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Year in Review: A post–Roe America

The Dobbs ruling led to a 50-state battle over abortion and new challenges for pro-lifers

Protesters demonstrate outside U.S. Supreme Court Justice Samuel Alito's home in June. Getty Images/Photo by Tasos Katopodis

Year in Review: A post–<em>Roe</em> America

In the early months of 2022, pro-life advances at the local and state level led to closed abortion facilities and halted abortions at some centers. Some of these outcomes marked significant strides for the pro-life movement in the United States, which had slowly plugged along for almost 50 years through baby-step advances. For the first few months of the year, Texas was the only state with an enforceable abortion ban, thanks to the state’s 2021 heartbeat law with the novel enforcement mechanism. In May, Oklahoma successfully enacted similar protections for the unborn. But an unprecedented Supreme Court leak in the spring signaled a significant rule change in America’s abortion ballgame, setting the tone for a year of dramatic moves and countermoves affecting the pro-life movement.

An unprecedented leak

On the first Monday in May, cell phones of pro-lifers across the country blew up with notifications about a shocking development. Politico had published a leaked draft of the U.S. Supreme Court’s majority opinion in Dobbs v. Jackson Women’s Health Organization, a case involving Mississippi’s law protecting babies from abortion after 15 weeks of gestation. The opinion, authored by Justice Samuel Alito, showed a court willing to discard the Roe v. Wade decision altogether, calling the 1973 ruling “egregiously wrong.” Should it become final, that language would give states the power to outlaw abortion altogether, even without Texas-style enforcement mechanisms. Within 15 minutes, angry pro-abortion protestors gathered outside the high court.

The day after the leak, Chief Justice John Roberts confirmed the authenticity of the draft and announced an investigation into its release. Protests outside the court continued and escalated. Workers installed 8-foot, unscalable fences around the court. The pro-abortion Women’s March called for “a summer of rage” and organized marches across the country.

Some pro-abortion protestors gathered outside the homes of conservative justices. In June, police arrested a man outside of Justice Brett Kavanaugh’s house who had a gun and said he planned to murder the justice. Pro-life pregnancy resource centers across the country began to report arson attacks and vandalism at their facilities.

Meanwhile, lawmakers proposed legislation in pro-abortion states to solidify access to abortion while some pro-life states planned to work on laws to protect the unborn during summer special sessions. Companies joined the fray, pledging to cover travel expenses for employees in pro-life states who would potentially have to travel out of state for abortions. The Biden administration scrambled for possible executive actions to counteract the expected reversal of Roe v. Wade.

The overturning of Roe v. Wade

Before the leak, most court watchers expected the decision to come with the last batch of opinions at the end of June. But after the leak, rumors spread that it would lead to an early announcement. The Dobbs decision was not in the last batch of rulings, but it didn’t come until June 24. Besides a response to the dissenting and concurring opinions, the final majority ruling tracked almost word-for-word with the leaked draft. Five other justices sided with Justice Alito to uphold Mississippi’s pro-life law while four joined him to overturn Roe.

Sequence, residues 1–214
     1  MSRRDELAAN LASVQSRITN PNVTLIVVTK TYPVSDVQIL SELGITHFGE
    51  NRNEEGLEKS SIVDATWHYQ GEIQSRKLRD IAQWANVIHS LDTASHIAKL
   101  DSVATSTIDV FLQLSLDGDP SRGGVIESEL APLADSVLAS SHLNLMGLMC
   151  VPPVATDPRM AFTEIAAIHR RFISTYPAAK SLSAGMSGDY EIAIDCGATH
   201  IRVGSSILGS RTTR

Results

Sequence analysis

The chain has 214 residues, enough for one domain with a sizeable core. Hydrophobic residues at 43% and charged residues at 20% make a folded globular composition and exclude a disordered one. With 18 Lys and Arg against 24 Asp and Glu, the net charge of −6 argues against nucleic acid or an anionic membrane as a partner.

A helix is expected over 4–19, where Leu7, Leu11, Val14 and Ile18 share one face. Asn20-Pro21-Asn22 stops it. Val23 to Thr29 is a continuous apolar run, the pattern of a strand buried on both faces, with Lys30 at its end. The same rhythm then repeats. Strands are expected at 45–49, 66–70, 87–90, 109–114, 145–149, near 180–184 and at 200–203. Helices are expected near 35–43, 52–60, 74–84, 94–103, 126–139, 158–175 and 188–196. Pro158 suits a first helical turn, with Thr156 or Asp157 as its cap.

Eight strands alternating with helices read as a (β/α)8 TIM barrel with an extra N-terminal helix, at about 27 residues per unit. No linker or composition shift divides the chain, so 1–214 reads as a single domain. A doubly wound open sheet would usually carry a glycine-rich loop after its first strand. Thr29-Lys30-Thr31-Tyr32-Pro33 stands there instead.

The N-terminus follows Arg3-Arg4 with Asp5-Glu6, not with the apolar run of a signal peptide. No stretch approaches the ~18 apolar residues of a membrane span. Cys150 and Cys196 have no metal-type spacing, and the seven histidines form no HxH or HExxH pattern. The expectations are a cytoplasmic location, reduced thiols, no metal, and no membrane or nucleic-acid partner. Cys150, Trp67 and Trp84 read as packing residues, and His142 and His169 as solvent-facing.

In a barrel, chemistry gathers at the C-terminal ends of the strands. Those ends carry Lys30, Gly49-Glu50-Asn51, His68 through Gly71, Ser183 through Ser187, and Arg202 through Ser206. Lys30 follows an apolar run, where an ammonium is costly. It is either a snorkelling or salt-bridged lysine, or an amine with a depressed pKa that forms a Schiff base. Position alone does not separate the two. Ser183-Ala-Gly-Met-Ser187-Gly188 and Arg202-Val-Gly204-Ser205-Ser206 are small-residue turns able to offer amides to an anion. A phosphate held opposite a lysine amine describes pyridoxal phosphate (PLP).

In the years leading up to this ruling, some states passed conditional laws set to go into effect upon Roe’s reversal while others still had pre-Roe protections for the unborn on the books. The effects of the Dobbs decision seemed immediate in some states. Six minutes after the court posted the ruling to its website, Missouri’s attorney general announced on Twitter that he had put the state’s conditional law into effect, claiming to be the first state in the country to “effectively end abortion.” Abortion facilities in Alabama and West Virginia turned women away and canceled abortion appointments.

But in other states, the effects weren’t as clear or immediate. The conditional law in Mississippi, the state where the Dobbs case originated, had a built-in waiting period and could not take effect until July 7. Until then, abortions continued and business boomed at the Jackson Pink House, the state’s last abortion facility. In Michigan, state and local officials gave conflicting reports about whether the state’s pre-Roe abortion ban was in effect. Abortions in Grand Rapids halted temporarily but eventually resumed. Local law enforcement told pro-lifers who objected that abortion was still legal in the state.

Pro-life laws took effect in some states only temporarily. Judges in Ohio and South Carolina eventually blocked the enforcement of state heartbeat laws. Sidewalk counselors in South Carolina relinquished hopes of retiring before the end of the year. Pro-lifers in Arizona were skeptical of lasting change when a pre-Roe law took effect there. “We’re only as good as the most recent law in our most recent legislature and our most recent governor,” one Arizona pro-lifer told WORLD. A judge later blocked the law’s enforcement, allowing abortions to resume in the state.

But abortion businesses permanently closed down in other states. Abortion providers moved out of states like Texas and Oklahoma. Other abortion facilities stayed open and shifted to other services. As the owner of the Pink House in Mississippi prepared to relocate to Las Cruces, N.M., the Jackson Pink House aborted its last baby.

Pregnancy center attacks

Some pro-abortion activists expressed their anger about the Dobbs decision by targeting pro-life pregnancy resource centers with graffiti and vandalism. The first attack at a center happened the day after the Dobbs draft leaked. Over the next week, attacks continued and escalated. Unknown perpetrators smashed windows and spray-painted phrases like “Not real clinic” on buildings. On Mother’s Day, arsonists set fire to the offices of the pro-life legislative organization Wisconsin Family Action.